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Archie

Why is there a spoiler for the usual suspects in the chronological cut of memento?

June 8, 2013 at 6:02PM, Edited September 4, 11:21AM

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Connor

I feel the same haven't watched it yet.

June 13, 2013 at 6:11PM, Edited September 4, 11:21AM

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Gary Simmons

If you -actually- watch The Usual Suspects you will know that this is NOT a spoiler.

June 17, 2013 at 2:01PM, Edited September 4, 11:21AM

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Grant

Yes IT IS a spoiler. If you -actually- watch The Usual Suspects with the idea you have to guess who Keyser Söze you are spoiled. You know that Keyser Söze is not what you think he is. That is the spoiler.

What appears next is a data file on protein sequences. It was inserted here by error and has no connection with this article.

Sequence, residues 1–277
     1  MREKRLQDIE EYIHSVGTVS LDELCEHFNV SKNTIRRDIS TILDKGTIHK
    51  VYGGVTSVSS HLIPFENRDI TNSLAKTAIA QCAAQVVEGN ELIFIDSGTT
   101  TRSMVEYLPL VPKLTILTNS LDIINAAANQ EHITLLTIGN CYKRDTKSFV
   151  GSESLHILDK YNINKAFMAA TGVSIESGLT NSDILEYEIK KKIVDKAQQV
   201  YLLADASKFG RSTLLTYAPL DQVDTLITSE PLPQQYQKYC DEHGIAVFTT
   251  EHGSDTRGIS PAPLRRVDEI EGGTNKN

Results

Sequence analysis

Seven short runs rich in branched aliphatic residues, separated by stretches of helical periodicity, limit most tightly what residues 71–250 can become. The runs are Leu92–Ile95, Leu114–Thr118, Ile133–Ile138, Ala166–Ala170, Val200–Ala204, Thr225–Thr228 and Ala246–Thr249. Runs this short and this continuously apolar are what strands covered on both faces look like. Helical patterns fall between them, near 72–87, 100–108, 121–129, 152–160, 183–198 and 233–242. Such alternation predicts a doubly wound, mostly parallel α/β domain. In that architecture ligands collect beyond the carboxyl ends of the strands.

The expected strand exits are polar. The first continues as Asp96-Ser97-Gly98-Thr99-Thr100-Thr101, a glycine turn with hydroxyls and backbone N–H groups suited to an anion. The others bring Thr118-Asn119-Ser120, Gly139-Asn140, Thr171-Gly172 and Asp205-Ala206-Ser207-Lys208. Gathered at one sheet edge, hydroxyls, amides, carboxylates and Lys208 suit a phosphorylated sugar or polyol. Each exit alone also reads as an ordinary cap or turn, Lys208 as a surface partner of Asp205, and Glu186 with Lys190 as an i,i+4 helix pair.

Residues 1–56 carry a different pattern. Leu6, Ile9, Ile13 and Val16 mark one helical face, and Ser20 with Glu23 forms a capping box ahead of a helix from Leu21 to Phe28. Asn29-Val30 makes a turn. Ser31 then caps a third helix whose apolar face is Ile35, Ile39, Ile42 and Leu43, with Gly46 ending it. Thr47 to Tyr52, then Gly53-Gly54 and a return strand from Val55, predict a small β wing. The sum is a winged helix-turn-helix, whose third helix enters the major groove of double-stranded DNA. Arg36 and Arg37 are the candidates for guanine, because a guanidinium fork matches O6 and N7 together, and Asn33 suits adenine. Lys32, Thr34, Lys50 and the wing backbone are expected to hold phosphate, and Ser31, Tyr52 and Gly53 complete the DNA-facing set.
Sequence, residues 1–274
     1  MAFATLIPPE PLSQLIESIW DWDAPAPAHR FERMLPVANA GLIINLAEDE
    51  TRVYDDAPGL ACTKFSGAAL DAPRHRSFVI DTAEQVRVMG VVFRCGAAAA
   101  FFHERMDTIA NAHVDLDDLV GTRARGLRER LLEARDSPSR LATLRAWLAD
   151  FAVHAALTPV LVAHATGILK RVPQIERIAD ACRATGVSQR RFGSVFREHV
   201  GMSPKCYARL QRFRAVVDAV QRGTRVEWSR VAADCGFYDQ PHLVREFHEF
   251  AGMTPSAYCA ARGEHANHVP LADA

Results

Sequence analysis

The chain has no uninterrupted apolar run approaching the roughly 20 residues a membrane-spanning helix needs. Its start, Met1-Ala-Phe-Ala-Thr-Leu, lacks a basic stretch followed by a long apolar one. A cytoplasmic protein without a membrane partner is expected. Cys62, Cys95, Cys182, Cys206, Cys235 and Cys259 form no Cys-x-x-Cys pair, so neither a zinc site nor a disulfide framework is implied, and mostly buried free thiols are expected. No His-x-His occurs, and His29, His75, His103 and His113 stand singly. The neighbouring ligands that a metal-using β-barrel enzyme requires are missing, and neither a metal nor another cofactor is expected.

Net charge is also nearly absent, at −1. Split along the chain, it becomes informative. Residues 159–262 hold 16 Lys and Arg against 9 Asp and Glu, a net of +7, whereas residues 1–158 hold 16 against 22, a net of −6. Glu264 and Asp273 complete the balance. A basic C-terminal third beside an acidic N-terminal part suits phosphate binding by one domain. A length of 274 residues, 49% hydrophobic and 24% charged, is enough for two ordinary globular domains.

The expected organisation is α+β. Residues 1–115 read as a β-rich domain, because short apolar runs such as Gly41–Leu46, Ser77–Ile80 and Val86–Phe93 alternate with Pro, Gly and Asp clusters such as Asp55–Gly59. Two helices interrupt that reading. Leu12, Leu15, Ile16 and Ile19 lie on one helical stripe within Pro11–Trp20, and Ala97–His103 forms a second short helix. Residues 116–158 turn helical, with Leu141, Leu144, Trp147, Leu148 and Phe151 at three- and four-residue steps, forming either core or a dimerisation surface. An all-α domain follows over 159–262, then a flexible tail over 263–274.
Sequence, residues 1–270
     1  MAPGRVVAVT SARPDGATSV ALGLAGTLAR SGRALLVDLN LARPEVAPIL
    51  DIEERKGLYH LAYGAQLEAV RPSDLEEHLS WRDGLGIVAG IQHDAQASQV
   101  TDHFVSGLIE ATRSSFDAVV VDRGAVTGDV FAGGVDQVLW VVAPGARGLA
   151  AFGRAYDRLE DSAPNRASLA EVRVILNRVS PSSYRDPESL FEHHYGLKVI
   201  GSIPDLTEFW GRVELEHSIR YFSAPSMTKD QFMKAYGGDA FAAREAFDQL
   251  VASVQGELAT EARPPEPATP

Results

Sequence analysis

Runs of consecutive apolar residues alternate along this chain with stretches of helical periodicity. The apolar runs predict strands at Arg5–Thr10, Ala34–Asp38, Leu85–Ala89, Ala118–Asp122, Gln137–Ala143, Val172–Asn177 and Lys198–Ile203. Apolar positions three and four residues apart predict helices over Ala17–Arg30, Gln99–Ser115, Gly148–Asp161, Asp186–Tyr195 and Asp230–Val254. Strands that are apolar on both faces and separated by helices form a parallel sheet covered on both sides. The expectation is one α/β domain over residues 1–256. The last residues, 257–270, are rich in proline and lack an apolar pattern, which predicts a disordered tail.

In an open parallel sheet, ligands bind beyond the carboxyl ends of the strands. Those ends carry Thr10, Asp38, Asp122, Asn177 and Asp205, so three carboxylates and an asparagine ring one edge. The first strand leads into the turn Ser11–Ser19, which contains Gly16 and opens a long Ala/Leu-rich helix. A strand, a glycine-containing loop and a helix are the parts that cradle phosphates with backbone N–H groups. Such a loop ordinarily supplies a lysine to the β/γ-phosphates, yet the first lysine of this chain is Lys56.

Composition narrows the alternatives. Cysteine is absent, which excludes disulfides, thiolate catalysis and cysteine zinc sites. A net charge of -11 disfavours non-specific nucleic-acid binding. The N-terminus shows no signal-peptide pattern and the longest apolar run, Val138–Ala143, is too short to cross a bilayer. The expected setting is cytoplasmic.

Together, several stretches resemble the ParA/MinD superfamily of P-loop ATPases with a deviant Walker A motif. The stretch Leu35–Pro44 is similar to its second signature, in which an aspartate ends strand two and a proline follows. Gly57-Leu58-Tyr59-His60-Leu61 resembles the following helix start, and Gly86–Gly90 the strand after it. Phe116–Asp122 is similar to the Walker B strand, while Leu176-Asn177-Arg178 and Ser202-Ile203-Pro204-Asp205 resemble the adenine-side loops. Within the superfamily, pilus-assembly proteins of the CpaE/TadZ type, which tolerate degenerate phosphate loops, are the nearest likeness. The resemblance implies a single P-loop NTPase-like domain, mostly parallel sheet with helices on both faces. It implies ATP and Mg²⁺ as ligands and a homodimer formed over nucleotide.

November 7, 2014 at 12:59AM

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B413
74

You should delete your spoiler and delete my comment after.

November 7, 2014 at 1:00AM

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B413
74

They are making a new version of Memento for the present day. he has an iphone instead of a Polaroid, nothing bad happens anymore.

June 8, 2013 at 6:10PM, Edited September 4, 11:21AM

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Tulio

Ahaha...

June 10, 2013 at 7:36PM, Edited September 4, 11:21AM

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Micah Van Hove
Writer
director, producer, dp

Watching it again like this is fantastic. I own the special edition dvd but have never gotten around to watching it. It's almost as good as the original but it's amazing how the change in editing can change everything from the way you see people to how it makes you feel. Thanks for this.

June 8, 2013 at 6:14PM, Edited September 4, 11:21AM